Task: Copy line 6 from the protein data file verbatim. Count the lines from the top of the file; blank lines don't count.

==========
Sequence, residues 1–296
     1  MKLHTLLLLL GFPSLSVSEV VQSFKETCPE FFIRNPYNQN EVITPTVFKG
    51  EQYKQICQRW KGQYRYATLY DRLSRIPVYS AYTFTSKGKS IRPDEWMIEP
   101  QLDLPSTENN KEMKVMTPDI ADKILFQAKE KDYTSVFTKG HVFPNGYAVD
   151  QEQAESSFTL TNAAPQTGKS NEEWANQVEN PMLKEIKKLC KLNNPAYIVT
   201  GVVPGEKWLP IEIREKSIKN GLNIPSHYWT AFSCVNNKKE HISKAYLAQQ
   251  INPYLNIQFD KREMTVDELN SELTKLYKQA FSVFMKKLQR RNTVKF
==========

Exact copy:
   201  GVVPGEKWLP IEIREKSIKN GLNIPSHYWT AFSCVNNKKE HISKAYLAQQ